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1.6.09

Review of dedicated funds bringing certain uses to light

One silver lining to the budgetary problems facing Louisiana at this time is it is forcing consideration of fiscal matters often forgotten or ignored that likely will lead to better future priorities. A case in point is the disposition of nearly 650 funds tucked away in state government mainly sequestered and largely unavailable for anything but often very narrow purposes.

The state’s laws and Constitution locks away the majority of state funds to dedicated purposes, which legally can be transferred to other purposes only in times of declared deficit, with agreement by both majoritarian branches of government, and, unless there is a huge crisis, only five percent of each may be transferred once in a two-year cycle. Legislation is before the Legislature to double the takings and to make them eligible for such annually (as well as to review them every four years to determine whether they really serve a needed purpose). The additional flexibility afforded by passage of these measures is paramount to more efficient and effective future budgeting.

But some are complaining that some of the money going into the funds – these can be as small as a few thousand dollars in balances while others carry multiple millions – are assessments on private, quasi-public, or local government entities . Therefore, it is “unfair” for the state to take what should have been set aside and used exclusively on behalf of, or at least in comportment with the wishes of, the assessed, it is argued.

There is a certain logic to that argument, but to implement it now would be struggle. Legislators would have to decide which of the 648 would qualify as being mostly designed to benefit the entities paying in, and then write in legal exemptions for them. That wouldn’t happen this session.

But whether it would be correct and desirable to follow this philosophy is another matter. One reason why this has become a point of contention is that the balances carried in all of these funds total nearly $13.5 billion – almost two years worth of state general fund revenues. It must be questioned why in many instances money keeps flowing into these with little going out. If they serve a certain purpose, they need to pursue that instead of turning into savings accounts with the state being the banker.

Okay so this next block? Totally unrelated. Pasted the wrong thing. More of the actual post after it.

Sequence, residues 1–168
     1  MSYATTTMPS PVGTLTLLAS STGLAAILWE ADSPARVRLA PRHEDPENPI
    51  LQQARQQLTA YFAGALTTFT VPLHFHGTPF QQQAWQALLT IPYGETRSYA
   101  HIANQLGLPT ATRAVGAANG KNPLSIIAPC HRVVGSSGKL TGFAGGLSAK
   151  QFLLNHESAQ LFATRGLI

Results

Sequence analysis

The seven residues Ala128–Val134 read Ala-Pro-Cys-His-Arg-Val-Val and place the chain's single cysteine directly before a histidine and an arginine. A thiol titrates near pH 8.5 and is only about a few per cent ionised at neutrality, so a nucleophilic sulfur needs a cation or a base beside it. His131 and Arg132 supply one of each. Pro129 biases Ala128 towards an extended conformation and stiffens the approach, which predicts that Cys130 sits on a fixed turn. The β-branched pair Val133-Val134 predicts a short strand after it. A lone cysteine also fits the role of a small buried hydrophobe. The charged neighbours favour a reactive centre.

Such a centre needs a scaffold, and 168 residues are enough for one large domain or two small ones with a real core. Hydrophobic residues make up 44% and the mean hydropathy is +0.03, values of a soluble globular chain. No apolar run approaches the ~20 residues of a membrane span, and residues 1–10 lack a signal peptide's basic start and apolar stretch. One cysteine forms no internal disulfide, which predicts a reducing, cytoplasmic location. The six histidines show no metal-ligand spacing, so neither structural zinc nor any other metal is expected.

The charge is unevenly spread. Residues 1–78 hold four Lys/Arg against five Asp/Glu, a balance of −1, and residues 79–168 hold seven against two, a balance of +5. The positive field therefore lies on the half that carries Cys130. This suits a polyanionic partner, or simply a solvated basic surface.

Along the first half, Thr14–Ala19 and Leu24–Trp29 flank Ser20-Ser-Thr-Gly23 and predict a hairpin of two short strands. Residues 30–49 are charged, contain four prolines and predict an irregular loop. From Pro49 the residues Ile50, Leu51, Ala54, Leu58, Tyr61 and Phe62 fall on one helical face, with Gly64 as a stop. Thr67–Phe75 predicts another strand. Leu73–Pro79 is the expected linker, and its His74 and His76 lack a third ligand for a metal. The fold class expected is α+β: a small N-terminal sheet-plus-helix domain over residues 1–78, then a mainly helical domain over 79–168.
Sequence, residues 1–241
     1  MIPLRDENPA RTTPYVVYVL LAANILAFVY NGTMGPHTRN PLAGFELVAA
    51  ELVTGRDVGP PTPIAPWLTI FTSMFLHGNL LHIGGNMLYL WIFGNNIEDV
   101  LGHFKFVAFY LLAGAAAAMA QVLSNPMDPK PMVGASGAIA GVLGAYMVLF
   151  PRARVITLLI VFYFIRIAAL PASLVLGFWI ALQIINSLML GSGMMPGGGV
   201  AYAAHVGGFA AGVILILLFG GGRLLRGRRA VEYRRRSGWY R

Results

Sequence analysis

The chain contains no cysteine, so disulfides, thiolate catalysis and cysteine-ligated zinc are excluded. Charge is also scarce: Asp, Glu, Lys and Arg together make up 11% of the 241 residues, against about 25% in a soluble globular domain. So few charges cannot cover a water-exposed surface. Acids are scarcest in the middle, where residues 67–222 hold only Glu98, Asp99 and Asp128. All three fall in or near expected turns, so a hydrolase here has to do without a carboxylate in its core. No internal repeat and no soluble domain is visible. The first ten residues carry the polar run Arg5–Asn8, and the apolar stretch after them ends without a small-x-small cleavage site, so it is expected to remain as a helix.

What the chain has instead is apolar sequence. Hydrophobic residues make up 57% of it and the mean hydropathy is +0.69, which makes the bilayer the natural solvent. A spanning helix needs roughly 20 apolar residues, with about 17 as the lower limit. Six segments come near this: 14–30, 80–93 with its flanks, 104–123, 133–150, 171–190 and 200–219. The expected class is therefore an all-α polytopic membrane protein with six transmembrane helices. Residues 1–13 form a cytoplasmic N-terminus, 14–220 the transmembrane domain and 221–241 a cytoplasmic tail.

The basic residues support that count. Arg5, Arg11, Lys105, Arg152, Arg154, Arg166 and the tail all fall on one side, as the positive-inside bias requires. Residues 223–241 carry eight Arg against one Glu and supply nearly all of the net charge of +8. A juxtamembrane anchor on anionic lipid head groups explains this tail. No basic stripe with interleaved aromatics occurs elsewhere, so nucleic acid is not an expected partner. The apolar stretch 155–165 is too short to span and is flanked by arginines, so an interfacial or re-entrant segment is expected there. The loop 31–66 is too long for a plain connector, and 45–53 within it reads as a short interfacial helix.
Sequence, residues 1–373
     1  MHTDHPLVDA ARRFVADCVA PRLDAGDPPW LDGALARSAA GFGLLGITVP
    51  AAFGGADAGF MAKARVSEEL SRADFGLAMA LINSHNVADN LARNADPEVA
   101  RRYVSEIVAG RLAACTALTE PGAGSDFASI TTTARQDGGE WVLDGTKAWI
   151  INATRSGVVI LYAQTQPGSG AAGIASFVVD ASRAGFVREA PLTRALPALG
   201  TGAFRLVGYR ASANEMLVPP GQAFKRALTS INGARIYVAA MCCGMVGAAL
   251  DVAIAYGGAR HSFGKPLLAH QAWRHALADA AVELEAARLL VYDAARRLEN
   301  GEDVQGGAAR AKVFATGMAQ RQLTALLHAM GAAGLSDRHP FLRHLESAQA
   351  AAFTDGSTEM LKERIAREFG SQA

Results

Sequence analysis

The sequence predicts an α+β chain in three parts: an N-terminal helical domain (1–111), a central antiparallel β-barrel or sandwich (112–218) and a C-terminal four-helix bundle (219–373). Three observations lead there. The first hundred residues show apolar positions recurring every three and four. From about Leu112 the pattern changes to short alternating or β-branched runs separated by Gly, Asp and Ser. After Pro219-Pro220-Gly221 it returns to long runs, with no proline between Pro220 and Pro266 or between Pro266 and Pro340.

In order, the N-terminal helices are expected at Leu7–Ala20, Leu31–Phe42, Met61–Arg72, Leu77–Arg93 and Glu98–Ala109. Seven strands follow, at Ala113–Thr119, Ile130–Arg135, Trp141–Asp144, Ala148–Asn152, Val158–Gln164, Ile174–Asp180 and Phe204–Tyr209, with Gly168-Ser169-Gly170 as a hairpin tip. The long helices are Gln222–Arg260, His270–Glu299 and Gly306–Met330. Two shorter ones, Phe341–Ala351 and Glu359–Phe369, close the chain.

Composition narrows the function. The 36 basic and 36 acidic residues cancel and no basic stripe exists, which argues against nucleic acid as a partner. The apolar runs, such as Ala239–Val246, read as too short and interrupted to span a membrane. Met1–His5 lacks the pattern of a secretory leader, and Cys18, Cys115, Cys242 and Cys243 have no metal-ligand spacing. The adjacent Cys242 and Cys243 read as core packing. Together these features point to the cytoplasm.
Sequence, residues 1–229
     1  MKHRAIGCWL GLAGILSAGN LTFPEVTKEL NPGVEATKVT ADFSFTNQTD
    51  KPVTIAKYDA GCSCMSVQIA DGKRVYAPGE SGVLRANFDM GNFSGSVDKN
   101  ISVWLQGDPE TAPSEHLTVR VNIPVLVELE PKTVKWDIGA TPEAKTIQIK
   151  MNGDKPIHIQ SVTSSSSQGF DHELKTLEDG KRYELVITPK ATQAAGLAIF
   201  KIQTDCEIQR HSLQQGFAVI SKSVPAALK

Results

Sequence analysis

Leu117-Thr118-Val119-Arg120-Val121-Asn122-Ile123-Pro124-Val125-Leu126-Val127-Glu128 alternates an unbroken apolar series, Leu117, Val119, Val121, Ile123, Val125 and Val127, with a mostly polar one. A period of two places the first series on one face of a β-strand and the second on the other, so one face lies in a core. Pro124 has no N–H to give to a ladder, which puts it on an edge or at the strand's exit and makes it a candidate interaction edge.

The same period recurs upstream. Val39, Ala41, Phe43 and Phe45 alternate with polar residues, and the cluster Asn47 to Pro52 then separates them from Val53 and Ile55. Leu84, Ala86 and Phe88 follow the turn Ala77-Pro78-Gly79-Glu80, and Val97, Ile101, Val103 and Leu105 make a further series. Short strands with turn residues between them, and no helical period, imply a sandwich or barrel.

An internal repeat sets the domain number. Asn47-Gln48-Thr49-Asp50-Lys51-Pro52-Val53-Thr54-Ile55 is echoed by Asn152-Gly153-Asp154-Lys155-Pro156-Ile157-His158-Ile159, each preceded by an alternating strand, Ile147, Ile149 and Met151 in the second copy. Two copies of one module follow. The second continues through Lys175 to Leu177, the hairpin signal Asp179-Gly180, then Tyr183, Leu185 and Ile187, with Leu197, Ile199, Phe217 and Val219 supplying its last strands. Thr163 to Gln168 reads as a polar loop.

That’s a role state government should not be playing. If money is to be excised from these sources by government because of a promise to then use that money on their behalf, that needs to be done expeditiously. Letting it pile up leads to nefarious activities, a famous example being former Agriculture Secretary Bob Odom realizing a growing pot of money coming into a fund for boll weevil eradication could be siphoned off to build sugar mills at taxpayer expense. Now the state is left with mills that produce little and having to find extra money to stave off pests because the revenues into the fund have been encumbered to pay off the money-losing mills.

Therefore, ever-growing balances in these funds signal that they really aren’t necessary, that it would be better off to leave those funds in the hands of the private sector or other governments to do with as its members or governing authorities wish. And if one of those things is a collective activity, why must government be the one to coordinate it? Aren’t there voluntary associations that could accomplish the same outside of government, or can’t local governments do it themselves?

Thus, if entities insist upon having state government coerce money out of them for some purpose, they will have to reconcile themselves to the fact that takings of it may occur. Perhaps that will make them reevaluate the desirability of the current arrangement, and they may find subsequent to this analysis that maybe they ought to end it. Or, they should get the money spent on the activity presumed so crucial that state government must get involved in it. Otherwise, they have no room to complain because the State of Louisiana isn’t their private bank.

1 comment:

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